May 29, 2013
Other Names: CVC, TAK-652, TBR-652
Drug Class: Entry and Fusion Inhibitors
Molecular Formula: C41 H52 N4 O4 S
Registry Number: 497223-25-3 (CAS)
Chemical Name: (5E)-8-[4-(2-butoxyethoxy)phenyl]-1-isobutyl-N-[4-[(S)-(3-propylimidazol-4-yl)methylsulfinyl]phenyl]-3,4-dihydro-2H-1-benzazocine-5-carboxamide
Chemical Class: Benzazepines
Company: Takeda; Tobira Therapeutics
Phase of Development: Phase II
Molecular Weight: 696.9518
(Compound details obtained from ChemIDplus Advanced1 and NIAID Therapeutics Database2)
An investigational drug is one that is under study and is not approved by the U.S. Food and Drug Administration (FDA) for sale in the United States. Medical research studies are conducted to evaluate the safety and effectiveness of an investigational drug. These research studies are also called clinical trials. Once an investigational drug has been proven safe and effective in clinical trials, FDA may approve the drug for sale in the United States.
Cenicriviroc is an investigational drug that is being studied for the treatment of HIV infection.
Cenicriviroc belongs to a class (group) of HIV drugs called entry and fusion inhibitors.2 Entry and fusion inhibitors block HIV from getting into and infecting certain cells of the immune system. This prevents HIV from multiplying and can reduce the amount of HIV in the body.
Cenicriviroc works by attaching to one of two proteins on the surface of the immune cells. These proteins are called the CCR5 and CXCR4 coreceptors. Cenicriviroc attaches to the CCR5 coreceptor. When cenicriviroc attaches to the CCR5 coreceptor, certain strains of HIV -- called R5-tropic virus -- cannot attach to, enter, or infect the cell.3
Cenicriviroc also appears to block another receptor known as CCR2. The CCR2 receptor is associated with inflammatory diseases. The potential benefits of blocking the CCR2 receptor in people with HIV are being studied.4,5
Clinical trials are conducted in "phases." Each phase has a different purpose and helps researchers answer different questions.6
Phase I trials: Researchers test an investigational drug in a small group of people (20-80) for the first time. The purpose is to evaluate its safety and identify side effects.
Phase II trials: The investigational drug is administered to a larger group of people (100-300) to determine its effectiveness and to further evaluate its safety.
Phase III trials: The investigational drug is administered to large groups of people (1,000-3,000) to confirm its effectiveness, monitor side effects, compare it with standard or equivalent treatments, and collect information that will allow the investigational drug to be used safely.6
In most cases, an investigational drug must be proven safe and effective in a Phase III clinical trial to be considered for approval by the FDA for sale in the United States. Some drugs go through the FDA's accelerated approval process and are approved before a Phase III clinical trial is complete. After a drug is approved by the FDA and made available to the public, researchers track its safety in Phase IV trials to seek more information about the drug's risks, benefits, and optimal use.6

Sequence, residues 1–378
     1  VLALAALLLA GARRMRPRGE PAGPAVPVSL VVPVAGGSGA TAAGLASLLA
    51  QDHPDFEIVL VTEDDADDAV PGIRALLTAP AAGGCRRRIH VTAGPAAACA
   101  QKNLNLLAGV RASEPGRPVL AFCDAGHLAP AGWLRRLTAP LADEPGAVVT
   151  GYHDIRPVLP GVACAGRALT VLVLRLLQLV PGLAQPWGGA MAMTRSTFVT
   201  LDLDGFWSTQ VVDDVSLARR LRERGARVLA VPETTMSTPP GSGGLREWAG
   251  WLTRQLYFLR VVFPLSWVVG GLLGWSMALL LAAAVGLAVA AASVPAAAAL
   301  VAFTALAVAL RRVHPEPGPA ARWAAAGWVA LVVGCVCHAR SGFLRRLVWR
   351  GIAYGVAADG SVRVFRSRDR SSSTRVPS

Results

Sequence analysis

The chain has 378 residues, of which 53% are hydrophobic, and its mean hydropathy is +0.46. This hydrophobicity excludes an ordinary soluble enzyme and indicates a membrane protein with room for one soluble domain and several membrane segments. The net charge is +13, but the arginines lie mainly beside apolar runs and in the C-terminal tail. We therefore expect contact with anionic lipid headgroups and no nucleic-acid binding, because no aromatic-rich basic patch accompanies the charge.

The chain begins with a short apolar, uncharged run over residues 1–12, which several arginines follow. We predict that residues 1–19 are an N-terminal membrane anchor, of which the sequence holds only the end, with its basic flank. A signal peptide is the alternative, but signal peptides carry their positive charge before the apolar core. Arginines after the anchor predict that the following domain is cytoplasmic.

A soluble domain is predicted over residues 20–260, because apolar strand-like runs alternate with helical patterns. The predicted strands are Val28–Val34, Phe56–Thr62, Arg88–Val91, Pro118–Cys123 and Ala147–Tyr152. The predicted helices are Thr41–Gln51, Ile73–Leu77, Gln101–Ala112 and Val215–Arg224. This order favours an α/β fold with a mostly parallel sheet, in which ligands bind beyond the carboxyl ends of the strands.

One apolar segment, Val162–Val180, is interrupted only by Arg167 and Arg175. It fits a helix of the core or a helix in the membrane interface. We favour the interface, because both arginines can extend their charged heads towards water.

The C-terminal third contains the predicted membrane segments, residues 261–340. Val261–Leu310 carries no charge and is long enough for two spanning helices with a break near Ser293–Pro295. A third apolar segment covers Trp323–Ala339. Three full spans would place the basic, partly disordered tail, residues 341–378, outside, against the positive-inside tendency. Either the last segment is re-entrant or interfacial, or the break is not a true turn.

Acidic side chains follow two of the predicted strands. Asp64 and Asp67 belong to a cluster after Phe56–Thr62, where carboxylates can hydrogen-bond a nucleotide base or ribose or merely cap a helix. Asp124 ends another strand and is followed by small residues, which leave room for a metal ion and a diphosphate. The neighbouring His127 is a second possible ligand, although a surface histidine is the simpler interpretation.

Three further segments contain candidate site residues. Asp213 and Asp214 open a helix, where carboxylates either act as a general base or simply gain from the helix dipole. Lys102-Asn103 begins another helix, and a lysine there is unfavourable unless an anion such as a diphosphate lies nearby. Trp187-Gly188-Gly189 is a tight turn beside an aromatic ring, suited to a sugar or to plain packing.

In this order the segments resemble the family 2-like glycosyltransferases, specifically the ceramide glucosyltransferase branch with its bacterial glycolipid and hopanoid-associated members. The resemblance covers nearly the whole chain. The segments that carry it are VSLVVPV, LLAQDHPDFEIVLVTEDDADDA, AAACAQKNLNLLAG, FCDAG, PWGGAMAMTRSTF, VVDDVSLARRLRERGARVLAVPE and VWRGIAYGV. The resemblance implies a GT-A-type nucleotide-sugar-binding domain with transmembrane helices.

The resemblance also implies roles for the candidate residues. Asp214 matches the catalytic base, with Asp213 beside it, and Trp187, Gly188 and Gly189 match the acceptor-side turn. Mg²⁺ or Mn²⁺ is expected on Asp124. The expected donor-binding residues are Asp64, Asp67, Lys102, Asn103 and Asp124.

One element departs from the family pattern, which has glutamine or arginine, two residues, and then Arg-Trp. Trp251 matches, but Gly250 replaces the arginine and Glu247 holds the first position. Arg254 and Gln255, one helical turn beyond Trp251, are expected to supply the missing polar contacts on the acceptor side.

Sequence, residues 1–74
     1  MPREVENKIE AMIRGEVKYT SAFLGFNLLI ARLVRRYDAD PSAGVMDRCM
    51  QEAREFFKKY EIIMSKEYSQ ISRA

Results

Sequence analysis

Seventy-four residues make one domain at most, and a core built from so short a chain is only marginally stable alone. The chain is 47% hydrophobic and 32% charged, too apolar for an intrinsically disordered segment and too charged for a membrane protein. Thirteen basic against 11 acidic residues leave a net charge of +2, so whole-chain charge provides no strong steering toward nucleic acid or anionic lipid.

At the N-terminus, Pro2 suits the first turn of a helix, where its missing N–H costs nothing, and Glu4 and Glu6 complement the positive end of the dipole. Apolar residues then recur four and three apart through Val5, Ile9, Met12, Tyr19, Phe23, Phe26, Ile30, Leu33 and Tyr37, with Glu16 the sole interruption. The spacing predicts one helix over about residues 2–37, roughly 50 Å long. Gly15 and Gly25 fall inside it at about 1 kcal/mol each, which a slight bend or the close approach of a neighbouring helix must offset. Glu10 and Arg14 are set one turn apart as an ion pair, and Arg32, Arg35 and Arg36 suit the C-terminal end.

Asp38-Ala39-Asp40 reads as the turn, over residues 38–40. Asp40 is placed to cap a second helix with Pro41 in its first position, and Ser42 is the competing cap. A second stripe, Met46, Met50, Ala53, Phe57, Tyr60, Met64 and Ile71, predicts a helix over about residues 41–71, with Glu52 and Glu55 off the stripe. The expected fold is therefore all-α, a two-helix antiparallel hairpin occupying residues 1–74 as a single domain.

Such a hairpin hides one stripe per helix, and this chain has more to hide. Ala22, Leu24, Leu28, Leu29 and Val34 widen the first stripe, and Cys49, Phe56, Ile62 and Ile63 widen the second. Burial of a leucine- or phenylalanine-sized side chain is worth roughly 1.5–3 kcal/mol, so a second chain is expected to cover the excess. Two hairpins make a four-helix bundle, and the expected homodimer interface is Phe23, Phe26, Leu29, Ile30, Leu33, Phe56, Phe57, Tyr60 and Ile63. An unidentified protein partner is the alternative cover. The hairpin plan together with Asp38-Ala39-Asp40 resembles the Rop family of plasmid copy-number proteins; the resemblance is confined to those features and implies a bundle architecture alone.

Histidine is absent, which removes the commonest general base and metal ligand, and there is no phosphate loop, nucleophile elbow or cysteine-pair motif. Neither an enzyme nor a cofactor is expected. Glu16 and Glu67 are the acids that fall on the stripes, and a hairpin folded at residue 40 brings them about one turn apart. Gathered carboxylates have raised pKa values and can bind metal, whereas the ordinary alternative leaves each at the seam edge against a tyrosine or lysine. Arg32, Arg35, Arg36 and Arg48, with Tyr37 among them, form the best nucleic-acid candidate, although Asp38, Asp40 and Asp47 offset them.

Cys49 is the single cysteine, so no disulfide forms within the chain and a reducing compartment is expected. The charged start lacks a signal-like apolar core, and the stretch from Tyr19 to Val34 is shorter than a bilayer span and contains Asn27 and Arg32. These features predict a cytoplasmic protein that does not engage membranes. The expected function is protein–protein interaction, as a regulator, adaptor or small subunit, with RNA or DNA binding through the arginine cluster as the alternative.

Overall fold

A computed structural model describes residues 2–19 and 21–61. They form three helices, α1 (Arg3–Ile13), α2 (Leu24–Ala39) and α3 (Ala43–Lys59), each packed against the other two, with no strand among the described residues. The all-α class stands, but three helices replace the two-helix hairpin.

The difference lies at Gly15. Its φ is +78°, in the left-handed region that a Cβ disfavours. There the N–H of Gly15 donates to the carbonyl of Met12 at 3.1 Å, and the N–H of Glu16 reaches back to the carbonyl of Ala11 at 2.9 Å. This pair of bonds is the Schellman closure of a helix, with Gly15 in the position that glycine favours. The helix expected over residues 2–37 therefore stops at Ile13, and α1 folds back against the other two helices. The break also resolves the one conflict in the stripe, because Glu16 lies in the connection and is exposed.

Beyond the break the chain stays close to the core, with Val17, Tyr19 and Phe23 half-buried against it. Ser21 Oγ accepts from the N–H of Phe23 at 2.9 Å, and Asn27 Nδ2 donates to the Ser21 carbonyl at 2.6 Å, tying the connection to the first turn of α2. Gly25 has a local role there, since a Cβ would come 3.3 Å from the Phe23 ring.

Cenicriviroc is currently being studied in Phase II clinical trials.2
In a 10-day Phase I/II study, several different strengths of cenicriviroc taken once daily were compared to placebo in HIV-infected participants who had been taking HIV medicines before entering the study (treatment-experienced). (A placebo is an inactive drug that is identical in appearance to the active drug being studied.) Study participants did not receive additional HIV medicines as part of a background regimen. (A background regimen is a combination of drugs that are not being studied as the investigational drug[s] in the clinical trial, but are given to help control a participant's HIV infection.)4,7,8
In the adults who had been taking HIV medicines before entering the study and who had not been previously treated with a CCR5 antagonist, cenicriviroc at all strengths was effective in reducing HIV viral load (the amount of HIV in the blood). Cenicriviroc was also shown to have anti-inflammatory activity. In terms of safety, no serious side effects occurred. The most common side effects were headache, nausea, constipation, diarrhea, and sinus infection/inflammation (sinusitis).4,7,8
Additional Phase II studies of cenicriviroc in HIV-infected adults who have not taken HIV medicines before are under way.9
In the 10-day Phase I/II study discussed under the previous question, the most common side effects reported were the following: headache, nausea, constipation, diarrhea, and sinus infection/inflammation (sinusitis). Overall, side effects occurring in this study were considered mild.4,7
Because cenicriviroc is still being studied, information on possible side effects of the drug is not complete. As testing of cenicriviroc continues, additional information on possible side effects will be gathered.
More information about cenicriviroc-related research studies is available from the AIDSinfo database of ClinicalTrials.gov study summaries. Click on the title of any trial in the list to see the ClinicalTrials.gov trial summary and more information about the study.
Participating in a clinical trial can provide benefits. For example, a volunteer participant can benefit from new research treatments before they are widely available. Participants also receive regular and careful medical attention from a research team that includes doctors and other health professionals. However, clinical trials may also involve risks of varying degrees, such as unpleasant, serious, or even life-threatening side effects from the treatment being studied.6
Your health care provider can help you decide whether participating in a clinical trial is right for you. For more information, visit NIH Clinical Research Trials and You.